The prototype circuits for filters are shown in Fig. 4.19. In low frequencies, these circuits can be realized using lumped L and C elements. In microwave frequencies, different types of resonators and cavities are used to achieve the filter characteristics. Figure 4.20 shows some commonly used microstrip filter structures. The step impedance filter has low-pass characteristics; all others have bandpass characteristics. Figure 4.21 shows a parallel-coupled microstrip filter and its performance. The insertion loss (IL) in the passband around 5 GHz is about 2 dB, and the return loss (RL) is greater than 20 dB. The rejection at 4 GHz is over 20 dB and at 3 GHz is over 35 dB. The simulation can be done using a commercially available circuit simulator


Commonly used microstrip filter structures [5].



or an electromagnetic simulator. For very narrow passband filters, surface acoustic wave (SAW) devices and dielectric resonators can be used. The filter can be made electronically tunable by incorporating varactors into the filter circuits [1]. In this case, the passband frequency is tuned by varying the varactor bias voltages and thus the varactor capacitances. Active filters can be built by using active devices such as MESFETs in microwave frequencies and CMOS in RF. The active devices provide negative resistance and compensate for the losses of the filters. Active filters could have gains instead of losses. A frequency multiplexer is a component that separates or combines signals in different frequency bands (Fig. 4.22a). It is used in frequency division multiple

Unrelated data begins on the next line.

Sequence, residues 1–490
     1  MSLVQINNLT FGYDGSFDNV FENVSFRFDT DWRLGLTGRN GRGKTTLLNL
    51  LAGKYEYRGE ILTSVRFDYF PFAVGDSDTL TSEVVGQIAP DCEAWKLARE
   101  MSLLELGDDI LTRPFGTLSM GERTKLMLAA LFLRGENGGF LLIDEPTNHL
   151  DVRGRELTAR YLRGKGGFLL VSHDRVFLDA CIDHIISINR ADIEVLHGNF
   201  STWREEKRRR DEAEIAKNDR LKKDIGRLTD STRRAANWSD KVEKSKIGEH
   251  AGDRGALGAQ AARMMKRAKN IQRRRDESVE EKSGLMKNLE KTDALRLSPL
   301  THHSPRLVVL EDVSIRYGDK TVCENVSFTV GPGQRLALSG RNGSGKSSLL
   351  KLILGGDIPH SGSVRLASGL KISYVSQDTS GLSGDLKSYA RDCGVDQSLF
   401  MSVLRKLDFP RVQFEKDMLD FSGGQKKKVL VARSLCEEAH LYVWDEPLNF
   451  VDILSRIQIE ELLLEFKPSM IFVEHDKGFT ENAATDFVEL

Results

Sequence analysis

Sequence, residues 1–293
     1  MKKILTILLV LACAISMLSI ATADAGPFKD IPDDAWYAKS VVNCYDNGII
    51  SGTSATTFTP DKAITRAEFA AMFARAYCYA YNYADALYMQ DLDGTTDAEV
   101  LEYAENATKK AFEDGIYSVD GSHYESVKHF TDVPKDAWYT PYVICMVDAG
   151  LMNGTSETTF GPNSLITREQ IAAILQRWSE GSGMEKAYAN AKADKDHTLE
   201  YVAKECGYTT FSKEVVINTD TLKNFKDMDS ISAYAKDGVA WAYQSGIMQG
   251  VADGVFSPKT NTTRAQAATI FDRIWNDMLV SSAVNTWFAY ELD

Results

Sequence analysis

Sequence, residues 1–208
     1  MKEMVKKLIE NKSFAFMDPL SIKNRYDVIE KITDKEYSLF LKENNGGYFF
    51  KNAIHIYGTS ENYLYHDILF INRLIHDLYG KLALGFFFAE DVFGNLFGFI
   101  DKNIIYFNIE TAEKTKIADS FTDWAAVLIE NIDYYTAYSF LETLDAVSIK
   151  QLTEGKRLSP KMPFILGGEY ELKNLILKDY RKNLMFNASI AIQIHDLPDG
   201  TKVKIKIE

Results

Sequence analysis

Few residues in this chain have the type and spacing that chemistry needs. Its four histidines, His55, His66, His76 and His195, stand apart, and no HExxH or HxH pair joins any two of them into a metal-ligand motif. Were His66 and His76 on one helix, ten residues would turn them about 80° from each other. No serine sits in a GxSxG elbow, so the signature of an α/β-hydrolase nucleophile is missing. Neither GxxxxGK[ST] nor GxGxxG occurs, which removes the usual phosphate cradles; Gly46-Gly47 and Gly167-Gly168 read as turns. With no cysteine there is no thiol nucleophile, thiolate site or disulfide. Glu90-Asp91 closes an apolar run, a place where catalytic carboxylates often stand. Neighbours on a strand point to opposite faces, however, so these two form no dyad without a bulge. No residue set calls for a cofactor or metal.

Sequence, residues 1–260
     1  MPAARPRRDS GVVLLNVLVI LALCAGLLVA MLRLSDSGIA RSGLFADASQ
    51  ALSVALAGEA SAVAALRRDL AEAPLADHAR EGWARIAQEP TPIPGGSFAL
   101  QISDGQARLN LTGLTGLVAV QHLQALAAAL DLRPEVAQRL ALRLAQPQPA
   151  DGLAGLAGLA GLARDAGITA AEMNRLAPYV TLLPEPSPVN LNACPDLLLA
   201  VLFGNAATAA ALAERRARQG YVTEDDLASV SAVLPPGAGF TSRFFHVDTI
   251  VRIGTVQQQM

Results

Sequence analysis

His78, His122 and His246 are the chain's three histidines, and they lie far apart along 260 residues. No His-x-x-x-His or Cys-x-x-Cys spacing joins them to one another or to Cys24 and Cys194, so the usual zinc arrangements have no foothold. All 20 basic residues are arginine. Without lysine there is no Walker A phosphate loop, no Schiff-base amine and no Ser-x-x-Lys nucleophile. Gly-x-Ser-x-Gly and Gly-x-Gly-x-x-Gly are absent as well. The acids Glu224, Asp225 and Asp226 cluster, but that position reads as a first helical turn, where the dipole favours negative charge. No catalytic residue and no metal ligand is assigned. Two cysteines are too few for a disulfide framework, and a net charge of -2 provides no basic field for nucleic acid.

FIGURE 4.21 Microstrip bandpass filter and its performance: (a) circuit layout; (b) simulated and measured results.